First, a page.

Pamela Frankau: imaginary friend (4)

She tells another story – the vineyards reminded me – where she is (again, no details supplied) in Martha’s Vineyard in America. It is the winter of 1950 and she is writing one or other version of a novel at a kitchen table ‘littered with scattered foolscap’. A certain Mr Butler enters, bringing with him ‘the clean clothes on their wire hangers and a certain amount of snow’. He asks her where her typewriter is and she tells him she doesn’t have one. As she speaks, it strikes her that for each 100,000 word novel she must in fact be writing 200,000 words. Mr Butler stumps back out into the snow, with this parting shot:

‘Henry Beetle Hough, the editor of the Vineyard Gazette, – he has two typewriters’.

This caught my imagination on several levels. Presumably in America they delivered dry-cleaning to your door? Could anyone really have the middle name ‘Beetle’? What exactly was Martha’s Vineyard?

Re-reading the passage itself as opposed to my paraphrase, I realise I absorbed more about the art of storytelling from the way Pamela Frankau wrote in Pen to Paper than I ever did from her more straightforward instruction in the matter. I learned that you didn’t have to fill in the gaps, in fact to leave them was often more effective, because the two imaginations involved – yours and your readers – then started to work in tandem, creating the scene together. She told me nothing about Martha’s Vineyard except that it was sometimes snowy. I pictures this Mr Butler – a small, bald man – getting out of some sort of black sedan, struggling with an armful of clothes and wire hangers into thick, white snow – no footsteps as yet, he being the first visitor – into a clearing surrounded by pines – except that didn’t quite go with vineyards and stuff. I imagined a kind of log-cabin, cosy and warm, a big American kitchen, that eerie pink kind of light you get when it’s snowing… None of this she tells me, and yet she does.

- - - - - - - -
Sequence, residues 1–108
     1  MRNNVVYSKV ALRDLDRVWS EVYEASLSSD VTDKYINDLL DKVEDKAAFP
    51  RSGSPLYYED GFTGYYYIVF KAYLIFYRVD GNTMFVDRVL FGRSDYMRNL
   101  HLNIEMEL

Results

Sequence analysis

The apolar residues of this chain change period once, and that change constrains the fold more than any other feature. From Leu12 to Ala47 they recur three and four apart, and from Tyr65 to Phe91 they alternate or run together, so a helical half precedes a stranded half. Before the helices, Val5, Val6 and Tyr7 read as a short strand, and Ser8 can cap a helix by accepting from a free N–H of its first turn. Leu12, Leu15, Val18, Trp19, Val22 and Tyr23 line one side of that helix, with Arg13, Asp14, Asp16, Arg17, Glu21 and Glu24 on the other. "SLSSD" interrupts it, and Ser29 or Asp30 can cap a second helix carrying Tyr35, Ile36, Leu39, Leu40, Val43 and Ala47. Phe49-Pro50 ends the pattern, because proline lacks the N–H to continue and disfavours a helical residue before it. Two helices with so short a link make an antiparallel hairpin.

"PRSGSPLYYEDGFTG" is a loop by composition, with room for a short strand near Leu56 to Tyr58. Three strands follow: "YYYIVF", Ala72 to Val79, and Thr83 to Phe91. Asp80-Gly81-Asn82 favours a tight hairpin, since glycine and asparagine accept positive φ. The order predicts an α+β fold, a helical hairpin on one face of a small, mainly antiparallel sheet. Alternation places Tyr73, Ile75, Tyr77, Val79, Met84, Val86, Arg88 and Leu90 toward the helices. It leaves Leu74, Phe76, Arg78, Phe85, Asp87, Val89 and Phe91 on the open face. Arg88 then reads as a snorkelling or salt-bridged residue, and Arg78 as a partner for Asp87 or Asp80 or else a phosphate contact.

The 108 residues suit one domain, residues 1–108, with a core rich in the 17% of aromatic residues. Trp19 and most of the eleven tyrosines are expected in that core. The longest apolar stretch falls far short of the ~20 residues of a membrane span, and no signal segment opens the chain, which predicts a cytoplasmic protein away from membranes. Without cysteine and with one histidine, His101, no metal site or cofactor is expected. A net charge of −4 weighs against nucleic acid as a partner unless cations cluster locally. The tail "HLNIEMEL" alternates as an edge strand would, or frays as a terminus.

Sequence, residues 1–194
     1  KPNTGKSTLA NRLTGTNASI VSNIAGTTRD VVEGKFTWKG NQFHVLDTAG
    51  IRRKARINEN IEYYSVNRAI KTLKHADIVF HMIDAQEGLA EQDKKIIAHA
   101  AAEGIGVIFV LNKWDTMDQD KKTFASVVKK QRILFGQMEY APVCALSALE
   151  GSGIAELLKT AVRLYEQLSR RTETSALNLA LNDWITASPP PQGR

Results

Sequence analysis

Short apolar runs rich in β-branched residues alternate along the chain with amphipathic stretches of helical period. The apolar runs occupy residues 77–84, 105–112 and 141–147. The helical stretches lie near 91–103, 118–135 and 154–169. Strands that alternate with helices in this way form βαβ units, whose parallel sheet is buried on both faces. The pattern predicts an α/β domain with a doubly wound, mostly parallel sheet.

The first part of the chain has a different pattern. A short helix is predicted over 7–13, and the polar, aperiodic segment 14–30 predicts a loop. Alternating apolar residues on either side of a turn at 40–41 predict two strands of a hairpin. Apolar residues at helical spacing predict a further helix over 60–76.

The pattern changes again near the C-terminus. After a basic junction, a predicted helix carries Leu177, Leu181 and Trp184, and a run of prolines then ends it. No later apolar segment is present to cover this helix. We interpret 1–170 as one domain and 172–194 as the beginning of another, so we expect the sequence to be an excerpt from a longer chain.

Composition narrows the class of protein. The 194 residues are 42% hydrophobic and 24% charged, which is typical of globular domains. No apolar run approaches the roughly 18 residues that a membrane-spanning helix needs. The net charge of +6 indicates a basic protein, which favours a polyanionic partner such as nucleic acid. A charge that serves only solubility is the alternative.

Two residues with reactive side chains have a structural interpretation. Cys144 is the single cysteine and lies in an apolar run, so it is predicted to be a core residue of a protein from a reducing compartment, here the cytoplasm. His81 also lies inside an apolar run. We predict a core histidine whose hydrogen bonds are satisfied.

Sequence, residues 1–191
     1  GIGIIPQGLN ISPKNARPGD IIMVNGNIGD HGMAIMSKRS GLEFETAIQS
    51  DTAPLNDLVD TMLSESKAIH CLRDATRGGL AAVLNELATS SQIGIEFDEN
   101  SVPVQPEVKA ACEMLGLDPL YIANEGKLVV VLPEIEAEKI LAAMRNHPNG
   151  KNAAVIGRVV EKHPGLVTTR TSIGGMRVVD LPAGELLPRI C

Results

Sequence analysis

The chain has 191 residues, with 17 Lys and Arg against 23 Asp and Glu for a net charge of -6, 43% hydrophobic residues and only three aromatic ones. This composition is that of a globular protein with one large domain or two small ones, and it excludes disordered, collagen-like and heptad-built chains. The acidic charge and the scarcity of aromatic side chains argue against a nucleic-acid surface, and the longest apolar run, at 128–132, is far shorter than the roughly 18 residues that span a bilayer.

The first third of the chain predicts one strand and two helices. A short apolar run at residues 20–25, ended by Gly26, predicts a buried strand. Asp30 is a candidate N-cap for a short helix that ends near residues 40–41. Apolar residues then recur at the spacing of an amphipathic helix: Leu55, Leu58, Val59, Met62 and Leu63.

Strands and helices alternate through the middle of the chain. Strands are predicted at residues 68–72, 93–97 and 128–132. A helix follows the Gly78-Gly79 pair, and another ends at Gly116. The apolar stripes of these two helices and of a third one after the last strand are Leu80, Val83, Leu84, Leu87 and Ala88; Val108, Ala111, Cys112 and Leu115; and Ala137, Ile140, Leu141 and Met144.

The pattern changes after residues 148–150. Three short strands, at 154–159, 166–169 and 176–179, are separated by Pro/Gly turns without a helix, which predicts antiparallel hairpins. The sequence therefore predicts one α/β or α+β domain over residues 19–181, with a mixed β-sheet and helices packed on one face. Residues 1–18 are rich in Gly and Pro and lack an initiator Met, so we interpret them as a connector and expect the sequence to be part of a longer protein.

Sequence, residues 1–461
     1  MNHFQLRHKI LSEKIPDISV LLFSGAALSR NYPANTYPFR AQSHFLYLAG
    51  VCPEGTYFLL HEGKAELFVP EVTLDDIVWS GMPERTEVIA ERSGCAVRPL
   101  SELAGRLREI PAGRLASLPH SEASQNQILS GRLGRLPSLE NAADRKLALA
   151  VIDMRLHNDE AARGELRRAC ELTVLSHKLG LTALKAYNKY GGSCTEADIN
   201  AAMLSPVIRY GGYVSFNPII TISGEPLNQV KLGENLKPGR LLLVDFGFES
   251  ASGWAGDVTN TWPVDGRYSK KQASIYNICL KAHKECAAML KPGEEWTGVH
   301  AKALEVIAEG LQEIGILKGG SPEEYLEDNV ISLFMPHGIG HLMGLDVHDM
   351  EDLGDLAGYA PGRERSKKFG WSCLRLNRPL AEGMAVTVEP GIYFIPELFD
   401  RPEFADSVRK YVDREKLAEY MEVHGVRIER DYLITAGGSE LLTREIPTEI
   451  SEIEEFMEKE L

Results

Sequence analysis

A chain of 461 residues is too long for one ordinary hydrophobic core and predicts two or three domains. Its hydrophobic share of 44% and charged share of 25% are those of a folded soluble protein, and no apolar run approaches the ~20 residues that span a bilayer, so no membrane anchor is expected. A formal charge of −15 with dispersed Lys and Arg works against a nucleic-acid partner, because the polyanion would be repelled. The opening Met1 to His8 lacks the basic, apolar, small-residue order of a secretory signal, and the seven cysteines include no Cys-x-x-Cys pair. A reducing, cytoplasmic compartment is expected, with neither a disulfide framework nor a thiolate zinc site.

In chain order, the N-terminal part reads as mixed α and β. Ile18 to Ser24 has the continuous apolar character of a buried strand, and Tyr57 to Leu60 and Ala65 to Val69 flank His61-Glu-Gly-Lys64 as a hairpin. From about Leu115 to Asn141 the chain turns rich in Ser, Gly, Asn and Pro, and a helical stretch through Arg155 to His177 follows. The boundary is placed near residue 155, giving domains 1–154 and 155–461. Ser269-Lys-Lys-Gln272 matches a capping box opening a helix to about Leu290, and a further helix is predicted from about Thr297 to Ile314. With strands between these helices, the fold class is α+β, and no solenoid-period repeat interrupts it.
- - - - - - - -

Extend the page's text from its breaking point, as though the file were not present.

Without actually instructing me she showed how to edit a book as if it was a film, that is was possible to zoom in and out of locations and back and forth in time, that you could cut out a lot of stuff. She taught me the value of an arresting sentence and the power of précis. We had been made to ‘do’ précis in English, of course, but no one had ever told us what for. This was what for.

Martha’s Vineyard brings me to the third surprise. First I had learned that Pamela was not exactly alive. Then I had had to accept that her actual novels were not really to my taste, although they might have been, had I been her contemporary. And then a year or two ago I learned that the other person with her at Martha’s Vineyard was not so much Sacha Distel as (gasp!) a lady. Suddenly the slightly nautical air, the twisted cigarette, the severe cut of the shirt in that photograph, all fell into place. It was like that moment in every single episode of Stargate where the massive heiroglyph thingies clang into place in whatever mysterious sequence, the stargate opens to reveal…watery stuff… and in rush the aliens. Pamela was bisexual. If you had mentioned the word to me and Lydsay Barwell wandering around Woolworths that day, we would have imagined…well, I don’t think we could have imagined. Now, of course, it is not shocking at all, just another detail.

Of course Pamela Frankau has not been my only writing buddy. Over the years I have been lucky enough to bump into one or two more. There’s the Dylans – Bob and Thomas – who remind me that words have their own magic, an intrinsic weight and a whole string of resonances aside from any information they might happen to convey. And then there’s my mate Michel (de Montaigne) who dispenses acerbic French advice, not so much on writing as on how to live and how to grow old amusingly. Sometimes, in the wee small hours when the horrors strike, I turn to him and find myself Laughing Out Loud. And as for me and Pam, we have weathered a number of awkward injections of fact into our fantasy friendship. When dusk is falling you’ll still find us out in the Rec, scuffing our shoes, twisting the chains of the swings and yattering about this and that.

By chance I happen to be the only one left this side of the veil, but we don’t let that bother us.

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